Performing mundane materiality: Actor-Network Theory, global student mobility and a re/formation of 'social capital'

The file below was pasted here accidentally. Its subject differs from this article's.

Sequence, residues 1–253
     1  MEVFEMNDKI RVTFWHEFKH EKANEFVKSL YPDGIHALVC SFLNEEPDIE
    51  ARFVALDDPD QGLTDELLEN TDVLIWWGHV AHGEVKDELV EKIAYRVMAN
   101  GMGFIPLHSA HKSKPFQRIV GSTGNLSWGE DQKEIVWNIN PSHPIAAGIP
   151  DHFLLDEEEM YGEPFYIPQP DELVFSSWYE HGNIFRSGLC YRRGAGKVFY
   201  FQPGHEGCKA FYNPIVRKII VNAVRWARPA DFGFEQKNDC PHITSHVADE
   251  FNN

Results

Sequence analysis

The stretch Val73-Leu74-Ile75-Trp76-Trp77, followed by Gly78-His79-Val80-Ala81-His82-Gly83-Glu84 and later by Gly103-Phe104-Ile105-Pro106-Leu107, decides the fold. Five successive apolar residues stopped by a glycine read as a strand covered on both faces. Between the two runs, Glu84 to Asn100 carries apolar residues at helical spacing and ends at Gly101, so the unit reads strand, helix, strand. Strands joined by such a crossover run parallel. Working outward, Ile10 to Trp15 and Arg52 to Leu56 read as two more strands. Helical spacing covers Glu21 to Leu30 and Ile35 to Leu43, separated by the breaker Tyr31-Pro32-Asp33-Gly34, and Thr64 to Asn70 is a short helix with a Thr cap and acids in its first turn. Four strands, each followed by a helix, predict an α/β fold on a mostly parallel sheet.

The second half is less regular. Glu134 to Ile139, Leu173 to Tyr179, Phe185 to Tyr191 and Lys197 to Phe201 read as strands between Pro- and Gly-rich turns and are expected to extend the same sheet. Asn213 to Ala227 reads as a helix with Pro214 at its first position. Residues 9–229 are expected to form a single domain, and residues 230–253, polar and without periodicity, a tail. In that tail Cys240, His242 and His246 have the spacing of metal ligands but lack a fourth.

Social capital is a puzzling actor; made real by its allies. It has been ‘out-there’ in the form of scientific publications for decades. Although some characteristics are common to all elaborations of this theory (networks, trust, and norms), there remains confusion in determining a ‘coherent concept’ of social capital. In this paper, we make use of such ‘incoherence gap’ to open an experimental theoretical and, subsequently, analytical space. Based on empirical research with mobile students and assemblages of non-human actors, the paper offers two investigative gatherings. First, the Bourdieusian approach to ‘social capital’ is discussed, allowing relational ontologies to enter the scene. Second, consideration is given to issues of performativity and the relevance of materiality for empirical social capital investigations. Despite the degree of ontological security social capital has managed to achieve, we question the disregard for the performative role of non-human entities in the context of global student mobility.